Philippine Representative to Taiwan Wilfredo Fernandez is hoping that a replacement fee — averaging 60,000 Philippine pesos (about US$1,190) — paid by Filipino migrant workers to recruitment agencies would be abolished.
“Sixty thousand pesos could mean one hectare of land in the provinces, so that those who can keep their land will have something they can build on, so that agriculture may flourish. It is only right that you just don’t make exorbitant money on the sweat of the workers. That is ungodly. That’s criminal,” Fernandez said in an interview on Tuesday.
Filipino migrant workers coming to Taiwan have long called for the abolition of placement fees, which they say are an excessive financial strain.
Rates vary depending on which company issues a job order, with lower fees for family businesses and higher ones — some as high as 120,000 pesos — for bigger companies, sources familiar with the matter said.
Fernandez, who took over as chairman and resident representative of the Manila Economic and Cultural Office (MECO) on Sept. 1, said he would like to remove brokers entirely.
“Remove the recruitment agencies in Manila, so there will be no placement fee. Recruitment should be done on a government-to-government basis,” Fernandez said.
Asked about his top priorities as MECO chairman, Fernandez said: “The No. 1 priority is to promote investments. As you know very well, we are closest to you; we are next-door neighbors.”
He is also interested in exploring technology transfers, especially related to chips, solar panels, 5G towers, and medical treatments for cancer and COVID-19.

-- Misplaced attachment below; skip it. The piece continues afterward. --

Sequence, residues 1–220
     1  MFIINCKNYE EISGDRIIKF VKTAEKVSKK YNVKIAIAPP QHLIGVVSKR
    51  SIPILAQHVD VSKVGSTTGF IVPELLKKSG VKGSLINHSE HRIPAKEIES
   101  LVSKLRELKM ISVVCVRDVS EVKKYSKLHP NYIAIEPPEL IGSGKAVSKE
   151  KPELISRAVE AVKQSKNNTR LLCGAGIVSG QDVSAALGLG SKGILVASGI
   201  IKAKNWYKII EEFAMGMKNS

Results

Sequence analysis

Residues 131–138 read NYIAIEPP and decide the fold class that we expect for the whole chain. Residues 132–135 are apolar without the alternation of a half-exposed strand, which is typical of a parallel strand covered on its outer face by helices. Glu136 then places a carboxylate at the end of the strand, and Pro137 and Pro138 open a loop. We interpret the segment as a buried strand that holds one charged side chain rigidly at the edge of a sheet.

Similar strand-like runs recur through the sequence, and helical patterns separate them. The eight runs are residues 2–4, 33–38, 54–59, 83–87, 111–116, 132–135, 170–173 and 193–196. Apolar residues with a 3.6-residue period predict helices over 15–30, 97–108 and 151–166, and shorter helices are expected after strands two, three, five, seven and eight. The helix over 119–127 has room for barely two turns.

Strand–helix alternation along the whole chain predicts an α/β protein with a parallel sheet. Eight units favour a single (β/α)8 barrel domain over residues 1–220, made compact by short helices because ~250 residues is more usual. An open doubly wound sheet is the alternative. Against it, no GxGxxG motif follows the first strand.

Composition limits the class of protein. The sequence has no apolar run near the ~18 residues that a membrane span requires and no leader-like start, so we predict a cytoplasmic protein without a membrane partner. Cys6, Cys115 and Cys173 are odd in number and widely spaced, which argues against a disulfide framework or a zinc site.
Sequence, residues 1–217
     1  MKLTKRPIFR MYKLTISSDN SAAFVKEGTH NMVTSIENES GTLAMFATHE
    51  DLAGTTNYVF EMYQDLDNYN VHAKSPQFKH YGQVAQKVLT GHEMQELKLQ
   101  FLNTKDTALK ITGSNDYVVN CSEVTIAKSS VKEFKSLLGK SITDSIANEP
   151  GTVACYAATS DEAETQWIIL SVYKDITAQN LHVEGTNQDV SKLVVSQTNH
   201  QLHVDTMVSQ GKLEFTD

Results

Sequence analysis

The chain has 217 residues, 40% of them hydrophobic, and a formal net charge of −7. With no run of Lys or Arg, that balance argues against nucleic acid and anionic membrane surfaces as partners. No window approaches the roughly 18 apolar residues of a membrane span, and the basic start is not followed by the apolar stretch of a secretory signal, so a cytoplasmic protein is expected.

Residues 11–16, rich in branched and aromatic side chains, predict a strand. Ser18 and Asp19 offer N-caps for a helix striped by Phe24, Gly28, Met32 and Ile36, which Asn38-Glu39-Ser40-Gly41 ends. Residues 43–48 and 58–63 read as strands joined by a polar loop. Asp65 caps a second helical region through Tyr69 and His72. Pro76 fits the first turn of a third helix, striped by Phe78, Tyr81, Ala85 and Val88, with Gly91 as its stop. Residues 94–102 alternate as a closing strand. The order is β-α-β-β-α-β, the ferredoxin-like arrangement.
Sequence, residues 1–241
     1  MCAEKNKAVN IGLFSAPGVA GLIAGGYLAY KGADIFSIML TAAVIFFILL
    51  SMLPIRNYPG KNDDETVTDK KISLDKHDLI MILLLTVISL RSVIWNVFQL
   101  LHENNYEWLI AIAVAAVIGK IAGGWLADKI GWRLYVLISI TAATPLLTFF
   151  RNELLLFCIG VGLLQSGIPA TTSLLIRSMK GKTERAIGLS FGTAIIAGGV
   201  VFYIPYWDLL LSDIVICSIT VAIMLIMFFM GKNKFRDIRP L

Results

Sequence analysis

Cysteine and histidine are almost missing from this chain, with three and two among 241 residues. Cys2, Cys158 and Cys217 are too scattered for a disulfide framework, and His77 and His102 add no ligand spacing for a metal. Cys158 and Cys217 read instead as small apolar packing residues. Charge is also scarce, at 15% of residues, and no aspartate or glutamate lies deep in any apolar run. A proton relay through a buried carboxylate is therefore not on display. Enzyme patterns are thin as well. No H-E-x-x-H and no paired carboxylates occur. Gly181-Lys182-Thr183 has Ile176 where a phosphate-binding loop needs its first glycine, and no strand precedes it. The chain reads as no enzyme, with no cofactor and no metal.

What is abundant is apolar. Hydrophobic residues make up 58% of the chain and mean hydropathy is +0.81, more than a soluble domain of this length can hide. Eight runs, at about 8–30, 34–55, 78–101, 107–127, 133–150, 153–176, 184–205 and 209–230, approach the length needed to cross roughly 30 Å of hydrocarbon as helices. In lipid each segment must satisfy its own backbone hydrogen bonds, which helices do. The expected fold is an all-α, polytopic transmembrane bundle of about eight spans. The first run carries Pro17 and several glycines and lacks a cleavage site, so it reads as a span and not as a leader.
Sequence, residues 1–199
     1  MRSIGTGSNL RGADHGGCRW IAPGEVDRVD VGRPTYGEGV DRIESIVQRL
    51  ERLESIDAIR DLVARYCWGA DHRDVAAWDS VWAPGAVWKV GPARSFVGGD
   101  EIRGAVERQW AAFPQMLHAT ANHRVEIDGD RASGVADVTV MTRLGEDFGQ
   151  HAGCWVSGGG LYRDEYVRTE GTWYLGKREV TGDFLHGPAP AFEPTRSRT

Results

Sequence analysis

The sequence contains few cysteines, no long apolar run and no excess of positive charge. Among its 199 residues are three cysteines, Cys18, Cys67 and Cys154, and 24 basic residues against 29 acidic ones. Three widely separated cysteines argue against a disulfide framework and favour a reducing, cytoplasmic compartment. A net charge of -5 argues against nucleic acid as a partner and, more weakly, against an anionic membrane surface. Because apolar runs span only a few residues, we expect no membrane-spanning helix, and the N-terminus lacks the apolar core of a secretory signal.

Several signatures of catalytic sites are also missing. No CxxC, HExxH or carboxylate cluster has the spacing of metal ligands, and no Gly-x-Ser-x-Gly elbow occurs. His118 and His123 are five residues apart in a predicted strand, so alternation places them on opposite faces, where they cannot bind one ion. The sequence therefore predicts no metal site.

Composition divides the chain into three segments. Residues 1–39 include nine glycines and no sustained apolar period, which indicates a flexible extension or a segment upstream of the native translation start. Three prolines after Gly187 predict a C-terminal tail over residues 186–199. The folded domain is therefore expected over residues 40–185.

In particular, a COVID-19 test manufactured by the Industrial Technology Research Institute (ITRI) that can provide a result within one hour would be very helpful for Filipinos returning home, as they would not have to check into quarantine hotel to wait for the results of their tests, he said.
“We ask for the help of the ITRI to please expedite the manufacturing of this kind of test. This will be very helpful,” he said.
Workforce Development Agency Cross-Border Workforce Management Division deputy head Paul Su (蘇裕國) said that his agency was open to talks on expanding direct hiring.
“We still also need to consider the demand of the market,” Su said. “We already have direct hiring and we welcome talks to expand in that area.”
However, many Taiwanese employers opt to use recruitment agencies because of the convenience they offer, such as taking foreign workers to mandatory health checks and filling out paperwork, Su said.
As of the end of last month, there were 144,074 Filipino migrant workers in Taiwan, Ministry of Labor data showed.
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